QTS Realty Trust’s planned $10 billion sale to Blackstone is yet another data M&A play, this time at the intersection of technology and real estate. Data storage infrastructure should prove an increasingly attractive theme for large companies in search of regional hubs. That, in turn, could make the industry attractive to private equity in the long run.
The transaction comes on the heels of an acquisitive year for real estate deals. Opportunistic fundraisings have taken off in response to pandemic-related dislocations, sparking dealmaker interest in everything from last-mile warehouse space to real estate logistic technology, as Mergers & Acquisitions reported previously.
QTS may be something of a sector outlier, according to Credit Suisse analysts. Its data center infrastructure offering is evenly split between high growth hyperscale locations for large customers and higher return multi-tenant locations, providing solid financial performance. Staged contract rolloff and a deep roster of clients also contribute to its stable earnings profile.
Size is also an advantage here. QTS’ 785 acres are partially occupied by facilities that “have the capacity to nearly double our sellable data center raised floor space without constructing or acquiring any new buildings,” according to its February annual report. And that’s before the remaining acreage is developed.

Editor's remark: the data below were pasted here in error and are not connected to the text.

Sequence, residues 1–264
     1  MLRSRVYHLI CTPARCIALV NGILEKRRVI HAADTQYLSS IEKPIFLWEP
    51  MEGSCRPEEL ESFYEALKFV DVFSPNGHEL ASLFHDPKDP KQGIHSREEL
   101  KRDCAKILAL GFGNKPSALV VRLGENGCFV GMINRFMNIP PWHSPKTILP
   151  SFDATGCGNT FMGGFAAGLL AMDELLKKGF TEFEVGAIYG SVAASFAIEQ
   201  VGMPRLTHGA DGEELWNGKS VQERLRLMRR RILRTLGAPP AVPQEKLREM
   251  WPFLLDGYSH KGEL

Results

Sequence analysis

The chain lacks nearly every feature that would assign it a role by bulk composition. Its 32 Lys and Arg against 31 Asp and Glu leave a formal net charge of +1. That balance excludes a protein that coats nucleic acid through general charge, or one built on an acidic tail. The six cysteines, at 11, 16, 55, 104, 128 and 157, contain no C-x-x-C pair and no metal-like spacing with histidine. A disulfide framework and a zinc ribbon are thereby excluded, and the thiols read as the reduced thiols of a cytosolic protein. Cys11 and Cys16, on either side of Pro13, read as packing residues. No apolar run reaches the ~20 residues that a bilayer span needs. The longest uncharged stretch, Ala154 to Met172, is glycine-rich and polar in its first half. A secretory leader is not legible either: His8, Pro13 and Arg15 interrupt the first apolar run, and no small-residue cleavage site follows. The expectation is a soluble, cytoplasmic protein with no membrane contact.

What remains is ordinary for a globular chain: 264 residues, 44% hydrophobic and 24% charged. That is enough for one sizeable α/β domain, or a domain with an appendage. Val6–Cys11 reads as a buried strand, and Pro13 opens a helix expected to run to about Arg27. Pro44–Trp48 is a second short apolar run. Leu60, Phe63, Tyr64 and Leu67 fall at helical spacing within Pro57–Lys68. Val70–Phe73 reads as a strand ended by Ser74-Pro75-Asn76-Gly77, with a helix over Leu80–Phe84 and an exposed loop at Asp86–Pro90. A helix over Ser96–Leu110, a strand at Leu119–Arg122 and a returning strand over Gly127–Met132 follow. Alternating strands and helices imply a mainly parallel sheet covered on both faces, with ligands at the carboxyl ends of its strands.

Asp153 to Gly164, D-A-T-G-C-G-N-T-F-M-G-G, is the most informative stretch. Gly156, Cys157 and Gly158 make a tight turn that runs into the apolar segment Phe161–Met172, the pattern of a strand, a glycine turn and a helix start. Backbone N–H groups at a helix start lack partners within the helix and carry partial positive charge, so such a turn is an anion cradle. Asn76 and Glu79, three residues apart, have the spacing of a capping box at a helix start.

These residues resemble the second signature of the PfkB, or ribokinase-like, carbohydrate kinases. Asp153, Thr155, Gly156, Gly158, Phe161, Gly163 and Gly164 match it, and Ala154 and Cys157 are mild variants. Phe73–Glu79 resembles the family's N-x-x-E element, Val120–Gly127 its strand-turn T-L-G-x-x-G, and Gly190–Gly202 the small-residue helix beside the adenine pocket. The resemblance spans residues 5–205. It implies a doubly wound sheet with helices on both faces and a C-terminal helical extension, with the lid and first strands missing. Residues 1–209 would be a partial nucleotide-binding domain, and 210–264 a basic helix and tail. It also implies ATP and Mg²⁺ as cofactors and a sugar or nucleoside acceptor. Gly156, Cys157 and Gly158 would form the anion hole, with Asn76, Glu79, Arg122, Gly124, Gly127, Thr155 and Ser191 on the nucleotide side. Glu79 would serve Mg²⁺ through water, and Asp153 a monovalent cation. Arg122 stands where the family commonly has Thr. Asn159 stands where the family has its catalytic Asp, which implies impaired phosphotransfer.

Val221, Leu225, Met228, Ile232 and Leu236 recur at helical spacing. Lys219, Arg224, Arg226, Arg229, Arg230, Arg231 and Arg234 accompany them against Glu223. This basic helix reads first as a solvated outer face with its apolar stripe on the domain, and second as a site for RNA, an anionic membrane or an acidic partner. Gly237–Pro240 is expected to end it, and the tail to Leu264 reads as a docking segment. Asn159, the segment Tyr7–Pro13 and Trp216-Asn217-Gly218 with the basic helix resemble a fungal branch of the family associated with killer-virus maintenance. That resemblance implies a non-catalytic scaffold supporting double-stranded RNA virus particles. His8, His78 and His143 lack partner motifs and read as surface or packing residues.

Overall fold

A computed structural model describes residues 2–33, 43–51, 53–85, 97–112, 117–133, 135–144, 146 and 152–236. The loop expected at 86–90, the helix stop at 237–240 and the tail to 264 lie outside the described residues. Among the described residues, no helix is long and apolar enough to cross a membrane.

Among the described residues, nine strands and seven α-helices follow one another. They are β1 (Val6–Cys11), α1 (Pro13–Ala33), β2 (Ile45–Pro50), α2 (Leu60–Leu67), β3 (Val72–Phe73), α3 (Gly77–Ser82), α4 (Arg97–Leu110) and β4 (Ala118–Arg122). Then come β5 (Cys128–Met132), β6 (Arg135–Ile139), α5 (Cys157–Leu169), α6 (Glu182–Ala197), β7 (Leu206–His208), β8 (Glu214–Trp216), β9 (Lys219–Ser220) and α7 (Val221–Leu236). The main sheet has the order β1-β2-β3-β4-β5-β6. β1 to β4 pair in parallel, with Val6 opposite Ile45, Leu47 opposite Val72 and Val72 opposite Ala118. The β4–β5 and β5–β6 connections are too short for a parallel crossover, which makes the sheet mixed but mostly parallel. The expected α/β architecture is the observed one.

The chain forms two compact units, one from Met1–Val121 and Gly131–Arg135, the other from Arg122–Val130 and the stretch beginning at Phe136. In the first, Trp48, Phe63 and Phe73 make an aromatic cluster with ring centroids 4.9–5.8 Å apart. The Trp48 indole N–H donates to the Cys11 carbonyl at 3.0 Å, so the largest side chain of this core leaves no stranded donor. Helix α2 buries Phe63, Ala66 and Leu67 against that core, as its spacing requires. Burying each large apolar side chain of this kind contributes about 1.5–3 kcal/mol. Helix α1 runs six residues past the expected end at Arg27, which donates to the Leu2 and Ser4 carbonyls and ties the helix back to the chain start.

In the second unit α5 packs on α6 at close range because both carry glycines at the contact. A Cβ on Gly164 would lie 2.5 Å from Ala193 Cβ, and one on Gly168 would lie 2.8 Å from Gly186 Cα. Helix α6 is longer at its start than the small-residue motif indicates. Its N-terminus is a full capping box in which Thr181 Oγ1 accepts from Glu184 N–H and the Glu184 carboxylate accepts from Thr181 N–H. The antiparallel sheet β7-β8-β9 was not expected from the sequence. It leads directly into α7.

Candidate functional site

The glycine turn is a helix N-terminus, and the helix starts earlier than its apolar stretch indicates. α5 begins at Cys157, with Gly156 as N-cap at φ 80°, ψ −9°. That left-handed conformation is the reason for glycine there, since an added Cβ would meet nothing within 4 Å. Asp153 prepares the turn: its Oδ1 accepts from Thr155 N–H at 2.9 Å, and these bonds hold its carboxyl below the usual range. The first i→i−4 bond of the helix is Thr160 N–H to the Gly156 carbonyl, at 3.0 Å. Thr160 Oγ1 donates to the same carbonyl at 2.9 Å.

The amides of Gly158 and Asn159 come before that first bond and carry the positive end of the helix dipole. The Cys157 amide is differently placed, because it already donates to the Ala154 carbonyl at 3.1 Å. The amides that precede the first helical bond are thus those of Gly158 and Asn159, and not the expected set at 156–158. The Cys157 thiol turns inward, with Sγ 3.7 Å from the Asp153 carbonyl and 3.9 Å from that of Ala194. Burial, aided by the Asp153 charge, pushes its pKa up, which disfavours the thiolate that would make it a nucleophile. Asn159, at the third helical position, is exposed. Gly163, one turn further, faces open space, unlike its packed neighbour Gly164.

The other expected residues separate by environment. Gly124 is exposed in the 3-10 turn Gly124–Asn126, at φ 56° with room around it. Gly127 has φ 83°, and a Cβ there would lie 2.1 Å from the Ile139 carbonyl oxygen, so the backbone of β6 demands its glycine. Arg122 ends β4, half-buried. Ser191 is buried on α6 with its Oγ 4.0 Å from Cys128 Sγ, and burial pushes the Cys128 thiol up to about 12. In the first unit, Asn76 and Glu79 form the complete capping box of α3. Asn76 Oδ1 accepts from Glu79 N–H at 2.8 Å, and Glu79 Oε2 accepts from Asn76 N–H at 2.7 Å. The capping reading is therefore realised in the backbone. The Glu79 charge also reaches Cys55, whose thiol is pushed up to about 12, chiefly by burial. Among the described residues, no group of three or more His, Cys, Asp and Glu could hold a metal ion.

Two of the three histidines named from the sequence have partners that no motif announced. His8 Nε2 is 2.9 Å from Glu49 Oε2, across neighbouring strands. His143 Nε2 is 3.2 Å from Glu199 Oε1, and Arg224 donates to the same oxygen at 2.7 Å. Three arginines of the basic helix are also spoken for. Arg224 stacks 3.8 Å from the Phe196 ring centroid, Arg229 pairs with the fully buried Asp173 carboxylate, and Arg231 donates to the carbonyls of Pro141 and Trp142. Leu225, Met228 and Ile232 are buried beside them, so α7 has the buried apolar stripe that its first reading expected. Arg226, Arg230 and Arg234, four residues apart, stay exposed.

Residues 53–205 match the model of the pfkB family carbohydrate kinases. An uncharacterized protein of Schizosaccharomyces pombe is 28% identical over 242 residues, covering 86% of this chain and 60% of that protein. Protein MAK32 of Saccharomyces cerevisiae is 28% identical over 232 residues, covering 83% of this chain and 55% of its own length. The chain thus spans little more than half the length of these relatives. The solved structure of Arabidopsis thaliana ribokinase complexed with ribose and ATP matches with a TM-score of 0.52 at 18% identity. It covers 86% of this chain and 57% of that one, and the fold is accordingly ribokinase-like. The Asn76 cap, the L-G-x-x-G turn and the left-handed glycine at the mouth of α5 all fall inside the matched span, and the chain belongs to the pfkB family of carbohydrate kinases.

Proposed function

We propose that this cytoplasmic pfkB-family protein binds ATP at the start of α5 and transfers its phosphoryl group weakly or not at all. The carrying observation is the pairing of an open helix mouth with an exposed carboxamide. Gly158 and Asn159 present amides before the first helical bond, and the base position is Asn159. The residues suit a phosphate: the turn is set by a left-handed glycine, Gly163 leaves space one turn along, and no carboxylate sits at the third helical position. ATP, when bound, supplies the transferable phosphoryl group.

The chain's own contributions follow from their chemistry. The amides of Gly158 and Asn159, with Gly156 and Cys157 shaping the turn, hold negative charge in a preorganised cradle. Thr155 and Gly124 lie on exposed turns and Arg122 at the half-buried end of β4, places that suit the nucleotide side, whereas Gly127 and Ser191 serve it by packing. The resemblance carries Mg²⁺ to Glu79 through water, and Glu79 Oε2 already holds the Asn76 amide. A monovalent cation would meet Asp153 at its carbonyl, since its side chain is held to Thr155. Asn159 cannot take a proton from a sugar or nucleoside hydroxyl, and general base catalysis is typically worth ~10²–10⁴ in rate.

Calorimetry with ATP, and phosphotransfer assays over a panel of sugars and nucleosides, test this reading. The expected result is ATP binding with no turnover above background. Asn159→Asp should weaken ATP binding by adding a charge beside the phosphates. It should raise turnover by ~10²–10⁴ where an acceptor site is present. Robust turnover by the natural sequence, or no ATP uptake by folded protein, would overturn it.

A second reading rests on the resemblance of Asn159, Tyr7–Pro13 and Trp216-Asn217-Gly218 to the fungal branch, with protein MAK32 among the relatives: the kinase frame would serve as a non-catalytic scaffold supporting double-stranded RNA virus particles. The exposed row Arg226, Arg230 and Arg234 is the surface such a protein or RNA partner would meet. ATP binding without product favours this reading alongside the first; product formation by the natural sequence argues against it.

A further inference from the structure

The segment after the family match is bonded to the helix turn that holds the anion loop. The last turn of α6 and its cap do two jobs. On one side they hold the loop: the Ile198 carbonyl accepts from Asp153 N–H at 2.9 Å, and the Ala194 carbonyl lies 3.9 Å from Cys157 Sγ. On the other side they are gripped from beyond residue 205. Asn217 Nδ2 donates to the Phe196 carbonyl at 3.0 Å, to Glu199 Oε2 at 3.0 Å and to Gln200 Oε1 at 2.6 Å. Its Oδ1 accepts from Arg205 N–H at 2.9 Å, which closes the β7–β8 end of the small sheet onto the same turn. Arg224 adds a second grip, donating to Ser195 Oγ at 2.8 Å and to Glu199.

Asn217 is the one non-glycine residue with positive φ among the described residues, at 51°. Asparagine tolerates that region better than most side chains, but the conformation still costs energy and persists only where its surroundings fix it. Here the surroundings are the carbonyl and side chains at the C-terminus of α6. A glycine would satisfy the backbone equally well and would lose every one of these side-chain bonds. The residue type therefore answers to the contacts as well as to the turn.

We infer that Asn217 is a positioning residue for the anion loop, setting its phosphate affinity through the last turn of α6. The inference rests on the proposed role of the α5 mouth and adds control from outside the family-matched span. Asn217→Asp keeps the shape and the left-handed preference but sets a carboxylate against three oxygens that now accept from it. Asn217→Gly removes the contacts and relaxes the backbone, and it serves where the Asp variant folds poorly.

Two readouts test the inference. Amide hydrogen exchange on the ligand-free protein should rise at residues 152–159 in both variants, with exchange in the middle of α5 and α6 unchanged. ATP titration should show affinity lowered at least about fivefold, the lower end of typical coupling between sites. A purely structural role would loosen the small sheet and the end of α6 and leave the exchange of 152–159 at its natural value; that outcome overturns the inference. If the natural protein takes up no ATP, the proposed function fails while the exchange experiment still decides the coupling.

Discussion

Analysts estimate the deal valuation represents 29.5x QTS’ 2021 Ebitda, which might not even be a full multiple given QTS’ pipeline. Impressive backlog growth from $93 million in Q4 to $152 million in Q1 and Credit Suisse expectations of future growth, another private equity firm may have room to bump Blackstone’s $78/share offer, analysts argue in a note out yesterday.
Still, there are concrete signs data center plays will remain attractive for years to come. Let’s take a look at the deal structure, to start. Blackstone is acquiring the company through Blackstone Infrastructure Partners, Blackstone Real Estate Investment Trust, and other perpetual capital funds. The split is in part designed to play to the respective strengths of fund teams in physical and digital assets, a person familiar with the deal tells Mergers & Acquisitions. The long-term vehicles will enable investment over years without a 7-year exit horizon, which the source says is a signal of plans to invest in QTS’ growth flexibly.
An increasingly digital world creates secular headwinds for data storage. Private equity rivals might well circle comparable strategic players with higher growth like Digital Realty Trust (NYSE: DLR), or peers with relatively cheap valuation like CoreSight Realty (NYSE: COR) and Switch Inc. (NYSE: SWCH).
Read more of our coverage of the deal: Blackstone Purchases QTS Realty Trust.